Midafternoon rain thinned the crowds at Farmingdale's inaugural downtown music festival Saturday, but many people, taking shelter under shop awnings, stayed to hear some rock and blues.
Bob Borman, 63, of Huntington, made the free, end-of-summer event part of his violin- and cello-playing son's 12th birthday celebration.
"If it stops raining, there will be local people who come out in droves," he said.
Music lovers shouldn't have to brave the weather Sunday. Sun and mild temperatures are in the forecast.
The village closed a two-block stretch of Main Street for the two-day event, with more than 20 bands and other entertainers performing on three stages.
"I listened to some of the bands on the Internet, so I got a good idea of when to come," said Sharon Azizollahoff of Farmingdale, who was accompanied by her husband, Joe.
Organizers hope the event showcases Farmingdale's planned $100 million makeover, which is adding dozens of new apartments and thousands of square feet of retail space.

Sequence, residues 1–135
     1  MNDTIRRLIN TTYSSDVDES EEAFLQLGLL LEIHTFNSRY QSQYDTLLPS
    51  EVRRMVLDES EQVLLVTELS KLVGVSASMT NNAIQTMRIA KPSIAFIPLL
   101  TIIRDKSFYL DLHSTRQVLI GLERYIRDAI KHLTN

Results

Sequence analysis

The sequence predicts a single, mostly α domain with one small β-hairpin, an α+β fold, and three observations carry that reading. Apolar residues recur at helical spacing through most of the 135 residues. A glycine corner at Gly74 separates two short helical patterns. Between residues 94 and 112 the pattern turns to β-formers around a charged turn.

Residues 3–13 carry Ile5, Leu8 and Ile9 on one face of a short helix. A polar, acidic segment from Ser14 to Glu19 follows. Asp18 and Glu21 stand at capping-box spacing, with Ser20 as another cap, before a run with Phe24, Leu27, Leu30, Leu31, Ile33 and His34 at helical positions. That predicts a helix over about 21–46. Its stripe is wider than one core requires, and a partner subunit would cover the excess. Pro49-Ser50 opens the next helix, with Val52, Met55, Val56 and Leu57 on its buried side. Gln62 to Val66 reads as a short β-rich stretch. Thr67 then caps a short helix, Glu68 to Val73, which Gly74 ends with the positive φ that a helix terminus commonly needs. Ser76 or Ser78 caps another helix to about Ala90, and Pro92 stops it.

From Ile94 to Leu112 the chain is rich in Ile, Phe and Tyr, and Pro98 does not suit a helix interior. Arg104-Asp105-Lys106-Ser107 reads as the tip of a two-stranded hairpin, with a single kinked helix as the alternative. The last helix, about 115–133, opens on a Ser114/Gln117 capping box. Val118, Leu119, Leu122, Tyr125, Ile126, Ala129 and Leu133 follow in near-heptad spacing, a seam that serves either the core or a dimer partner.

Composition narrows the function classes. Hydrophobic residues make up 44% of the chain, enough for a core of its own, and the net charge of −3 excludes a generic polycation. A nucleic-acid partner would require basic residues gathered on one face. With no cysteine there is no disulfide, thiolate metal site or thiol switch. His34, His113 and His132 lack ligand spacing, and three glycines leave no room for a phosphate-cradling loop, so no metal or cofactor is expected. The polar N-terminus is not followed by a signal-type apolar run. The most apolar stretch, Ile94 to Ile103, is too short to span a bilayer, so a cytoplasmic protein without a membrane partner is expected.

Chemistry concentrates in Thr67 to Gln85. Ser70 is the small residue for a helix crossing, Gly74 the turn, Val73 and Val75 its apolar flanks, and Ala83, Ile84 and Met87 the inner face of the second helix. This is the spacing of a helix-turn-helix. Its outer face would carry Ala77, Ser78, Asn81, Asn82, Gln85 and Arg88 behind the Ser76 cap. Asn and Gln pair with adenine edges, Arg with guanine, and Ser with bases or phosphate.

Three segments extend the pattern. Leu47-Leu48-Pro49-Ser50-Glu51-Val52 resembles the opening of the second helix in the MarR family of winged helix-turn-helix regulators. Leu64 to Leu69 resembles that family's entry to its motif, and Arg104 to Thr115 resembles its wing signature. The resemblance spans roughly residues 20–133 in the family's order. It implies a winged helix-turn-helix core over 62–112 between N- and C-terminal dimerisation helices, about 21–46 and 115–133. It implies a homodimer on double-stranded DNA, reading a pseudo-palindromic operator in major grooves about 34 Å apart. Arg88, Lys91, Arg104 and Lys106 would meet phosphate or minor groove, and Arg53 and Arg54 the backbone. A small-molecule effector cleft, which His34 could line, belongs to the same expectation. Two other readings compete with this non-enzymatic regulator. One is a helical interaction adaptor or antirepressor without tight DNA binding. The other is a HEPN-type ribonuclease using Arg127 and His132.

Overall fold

Under brightly colored tents, local vendors offered an array of goods and crafts, including refrigerator magnets made out of bottle caps.
Leslie Ellison of East Northport, who enjoyed the displays, wasn't bothered by the dearth of sunshine. "I just like being outdoors, that's the key," she said.
The early crowd -- the festival kicked off at 1 p.m., a couple of hours before the rain began -- was estimated at a few thousand people.
"I'm actually surprised we have as much of a crowd as we do, considering the weather," said Joann Edling, 57, a Farmingdale building inspector.
Observing the popularity of strolling while munching, she added: "Farmingdale likes to eat."
A couple of business owners were disappointed their Main Street shops were outside the festival boundaries.
That includes Mayor Ralph Ekstrand's drugstore, but he predicted next year's event would be larger.
"By doing concerts and events, people will see how our downtown has become revitalized," he said.